There were apparently quite a few ears listening to President Donald Trump’s brief but meaningful conversation with his Ukrainian counterpart on 25 July, and no fewer eyes staring at the later compiled, so-called “telcon”, or call transcript, according to a fresh AP report.
Intelligence staffers working in the soundproof Situation Room in the West Wing basement listened and chronicled what they heard in Trump’s call with his Ukrainian counterpart Volodymyr Zelensky in a special file, as phone call recordings were abolished decades ago after the Watergate scandal that resulted in Richard Nixon’s resignation.
National Security Council staffers, meanwhile, edited a memo of the call, which White House lawyers, as suggested by one whistleblower’s complaint, ordered be uploaded on a highly classified computer server.
While these people's names are not widely known, they may be revealed as the impeachment inquiry, blasted by Trump as an act serving political purposes and a new round of “witch hunt garbage”, proceeds, with Congress searching for additional witnesses in the matter.
What’s in the Call?
The phone call appeared to go on smoothly for most of its 30 minutes, with Trump, who had a day before the call celebrated full vindication in Special Counsel Robert Mueller’s two-year probe, first congratulating Volodymyr Zelensky with his party’s win in Ukraine's parliamentary elections, while the latter reiterated his intention to “drain the swamp” in Kiev, expressing hope for more support from the European Union.
After Zelensky brought up the acquisition of more Javelin anti-tank missiles from the United States, there followed the ten controversial words that appeared to land in the Democrats’ crosshairs, and likewise, as follows from recent Washington Post and AP reports, the names of some of the White House staffers in attendance.
“I would like you to do us a favour, though”, Trump butted in, proceeding to ask Zelensky to cooperate with his personal lawyer Rudy Giuliani and Attorney General William Barr to look into Biden and his son, who served on the board of a Ukrainian gas company.
At that point, many recalled that then-Vice President Joe Biden, while on a visit to the crisis-stricken Ukraine, called for the sacking of the country's prosecutor general, who, incidentally, was investigating at the time the top management of Cyprus-based Burisma Holdings, which employed the former VP's son.
How the Trumps Handle Foreign Calls
The July call was extraordinary not only due to the content and wording itself, but also the underlying protocol in comparison with the way it went. For instance, according to a former US envoy to Russia Michael McFaul, who worked at the NSC under Obama, “judging from the content of the Trump-Zelensky call, Trump was not reading talking points”, with the latter being obligatorily prepared by administration staffers ahead of chats with foreign leaders.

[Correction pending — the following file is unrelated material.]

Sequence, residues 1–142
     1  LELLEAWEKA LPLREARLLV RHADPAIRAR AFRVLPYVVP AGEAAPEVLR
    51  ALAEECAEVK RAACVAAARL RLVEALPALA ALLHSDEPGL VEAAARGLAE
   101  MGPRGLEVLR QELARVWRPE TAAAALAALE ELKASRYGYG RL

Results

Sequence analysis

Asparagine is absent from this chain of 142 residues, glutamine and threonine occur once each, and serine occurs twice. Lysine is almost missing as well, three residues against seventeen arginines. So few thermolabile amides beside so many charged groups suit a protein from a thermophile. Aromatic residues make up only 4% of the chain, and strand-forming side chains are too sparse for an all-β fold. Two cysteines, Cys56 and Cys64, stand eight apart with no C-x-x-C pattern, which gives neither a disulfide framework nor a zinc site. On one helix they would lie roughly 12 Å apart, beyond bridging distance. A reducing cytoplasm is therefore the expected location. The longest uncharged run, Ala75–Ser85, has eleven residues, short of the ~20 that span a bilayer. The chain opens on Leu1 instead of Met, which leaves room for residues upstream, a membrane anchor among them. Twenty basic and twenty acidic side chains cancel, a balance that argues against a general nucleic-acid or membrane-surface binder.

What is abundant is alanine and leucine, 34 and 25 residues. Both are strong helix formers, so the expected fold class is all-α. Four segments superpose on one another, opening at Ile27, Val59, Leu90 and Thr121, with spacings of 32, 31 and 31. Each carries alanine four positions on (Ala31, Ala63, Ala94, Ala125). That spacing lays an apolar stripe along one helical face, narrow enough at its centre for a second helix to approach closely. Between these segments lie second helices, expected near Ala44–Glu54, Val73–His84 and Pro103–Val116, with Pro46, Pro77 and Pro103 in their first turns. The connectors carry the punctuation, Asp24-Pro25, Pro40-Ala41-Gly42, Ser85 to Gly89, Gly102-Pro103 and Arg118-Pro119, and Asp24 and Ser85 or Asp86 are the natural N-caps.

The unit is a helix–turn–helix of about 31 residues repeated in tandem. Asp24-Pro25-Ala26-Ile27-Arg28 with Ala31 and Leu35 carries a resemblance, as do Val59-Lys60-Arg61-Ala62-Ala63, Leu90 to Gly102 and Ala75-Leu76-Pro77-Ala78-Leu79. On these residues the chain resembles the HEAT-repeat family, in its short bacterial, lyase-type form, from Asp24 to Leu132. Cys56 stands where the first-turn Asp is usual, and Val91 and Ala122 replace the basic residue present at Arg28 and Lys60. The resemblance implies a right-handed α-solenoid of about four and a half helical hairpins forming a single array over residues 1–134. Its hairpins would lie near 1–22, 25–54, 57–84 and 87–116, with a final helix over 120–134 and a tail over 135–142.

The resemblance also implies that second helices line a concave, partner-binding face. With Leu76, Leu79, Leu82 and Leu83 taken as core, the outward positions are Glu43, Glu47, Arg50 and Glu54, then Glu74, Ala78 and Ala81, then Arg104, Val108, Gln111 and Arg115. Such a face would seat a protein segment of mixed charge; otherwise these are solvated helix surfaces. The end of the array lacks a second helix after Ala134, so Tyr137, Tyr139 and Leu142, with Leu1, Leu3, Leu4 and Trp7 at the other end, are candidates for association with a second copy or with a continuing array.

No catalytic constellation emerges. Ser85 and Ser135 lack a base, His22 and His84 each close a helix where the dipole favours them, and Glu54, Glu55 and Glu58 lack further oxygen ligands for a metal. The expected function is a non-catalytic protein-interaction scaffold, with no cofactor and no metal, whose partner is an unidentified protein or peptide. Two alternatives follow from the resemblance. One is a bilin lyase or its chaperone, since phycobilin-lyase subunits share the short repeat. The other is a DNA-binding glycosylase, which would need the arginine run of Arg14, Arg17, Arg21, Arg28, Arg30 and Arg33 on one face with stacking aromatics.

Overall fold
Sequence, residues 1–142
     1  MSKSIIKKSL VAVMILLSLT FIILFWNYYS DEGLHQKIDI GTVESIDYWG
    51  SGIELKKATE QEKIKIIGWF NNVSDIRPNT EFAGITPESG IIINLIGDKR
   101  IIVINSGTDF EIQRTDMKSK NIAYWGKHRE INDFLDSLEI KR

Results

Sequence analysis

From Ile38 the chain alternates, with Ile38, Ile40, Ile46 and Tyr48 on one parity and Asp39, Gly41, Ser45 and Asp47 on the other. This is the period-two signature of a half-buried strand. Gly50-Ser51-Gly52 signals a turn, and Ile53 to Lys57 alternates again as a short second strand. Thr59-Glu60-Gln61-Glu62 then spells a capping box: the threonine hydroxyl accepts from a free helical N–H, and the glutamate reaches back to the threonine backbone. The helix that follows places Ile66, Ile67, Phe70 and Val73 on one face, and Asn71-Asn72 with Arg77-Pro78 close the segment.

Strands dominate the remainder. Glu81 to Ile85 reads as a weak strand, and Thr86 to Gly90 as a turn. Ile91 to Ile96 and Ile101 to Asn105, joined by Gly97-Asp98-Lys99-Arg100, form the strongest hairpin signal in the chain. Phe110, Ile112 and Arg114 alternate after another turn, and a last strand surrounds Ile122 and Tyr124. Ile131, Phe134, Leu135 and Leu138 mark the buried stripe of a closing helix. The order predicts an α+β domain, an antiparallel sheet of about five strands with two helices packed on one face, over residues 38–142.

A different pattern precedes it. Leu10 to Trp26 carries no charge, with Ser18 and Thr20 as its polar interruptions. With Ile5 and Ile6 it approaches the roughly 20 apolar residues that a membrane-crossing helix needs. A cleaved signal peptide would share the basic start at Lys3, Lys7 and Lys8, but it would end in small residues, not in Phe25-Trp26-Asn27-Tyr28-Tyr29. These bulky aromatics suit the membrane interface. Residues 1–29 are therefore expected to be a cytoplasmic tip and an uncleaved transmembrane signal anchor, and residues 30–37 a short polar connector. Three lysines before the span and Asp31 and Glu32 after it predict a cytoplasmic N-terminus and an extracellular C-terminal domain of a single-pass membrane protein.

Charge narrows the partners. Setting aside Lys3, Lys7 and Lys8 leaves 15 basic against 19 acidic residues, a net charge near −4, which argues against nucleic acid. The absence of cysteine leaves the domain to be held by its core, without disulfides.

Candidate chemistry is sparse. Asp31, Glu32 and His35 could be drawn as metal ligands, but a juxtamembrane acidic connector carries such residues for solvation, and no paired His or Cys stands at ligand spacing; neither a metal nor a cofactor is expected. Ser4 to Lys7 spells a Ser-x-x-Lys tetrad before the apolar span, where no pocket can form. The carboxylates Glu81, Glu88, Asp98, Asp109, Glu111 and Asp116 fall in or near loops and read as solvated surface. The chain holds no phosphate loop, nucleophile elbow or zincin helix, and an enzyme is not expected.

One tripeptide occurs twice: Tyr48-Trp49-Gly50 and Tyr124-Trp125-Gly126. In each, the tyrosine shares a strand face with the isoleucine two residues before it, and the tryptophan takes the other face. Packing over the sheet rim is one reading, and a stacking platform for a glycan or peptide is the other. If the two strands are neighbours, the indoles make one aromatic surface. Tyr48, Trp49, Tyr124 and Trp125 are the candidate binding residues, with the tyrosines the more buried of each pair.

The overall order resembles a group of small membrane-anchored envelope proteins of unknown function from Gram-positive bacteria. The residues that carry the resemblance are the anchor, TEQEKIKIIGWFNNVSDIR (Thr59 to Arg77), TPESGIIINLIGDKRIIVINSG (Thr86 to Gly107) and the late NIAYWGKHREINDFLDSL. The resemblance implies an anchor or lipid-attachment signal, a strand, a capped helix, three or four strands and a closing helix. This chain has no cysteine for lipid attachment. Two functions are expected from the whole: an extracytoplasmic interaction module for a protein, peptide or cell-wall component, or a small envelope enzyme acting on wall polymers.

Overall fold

Separately, one AP-cited individual with first-hand knowledge of how Trump calls are handled noted that the POTUS “hates” both talking points and “pre-briefs”. He isn’t very fond of pre-written background data either, preferring to make calls himself and opt for words that he finds appropriate.
The individual continued to reveal that from time to time, while chatting with foreign counterparts, Trump has handed the telephone to his daughter and senior White House aide Ivanka, for her to continue the talk. He went on to detail how Trump sometimes opts to cover the stated talking points, saying that when he is done, he often rips them up and discards them in a burn bag, while staff responsible for preserving official presidential records must retrieve the papers from the dustbin.
‘Grave’ Content or ‘Leak Prevention’?
Regarding the July call, a question arises: was the transcript of the call rightfully and according to conventional procedure, or as a cover-up measure, uploaded on a super-secret server? According to one unidentified whistleblower, senior White House officials intervened to “lock down” all records due to their alleged “gravity” and focus on a covert operation, while the telcon, classified as a secret, appeared to not contain anything that had to do with national security, according to the same whistleblower’s account.
One of the two people familiar with how foreign calls are handled in the Trump White House said that putting a document classified only as “secret” into a server holding very highly classified information is not against any rule, but is a means of “leak prevention”.
No Threat of Aid Withdrawal
Amid the ongoing impeachment inquiry, a memo of the call, reportedly authored by the whistleblower, notes that there was no mention of security assistance or the threat of military funds being pulled in the phone call - the key argument used by Democrats to launch their formal proceedings.
They accused President Trump of threatening to cut aid to Ukraine (which POTUS actually did in May) if Kiev doesn’t provide assistance in investigating current Democratic frontrunner Joe Biden.
Trump denies wrongdoing and accuses House Democrats of persisting with a purely political campaign against him, calling the inquiry “a kangaroo court” that he will never cooperate with, lauding the “perfect” exchange he had with Zelensky. The latter, in his turn, has argued that no was implied pressure in Trump’s words.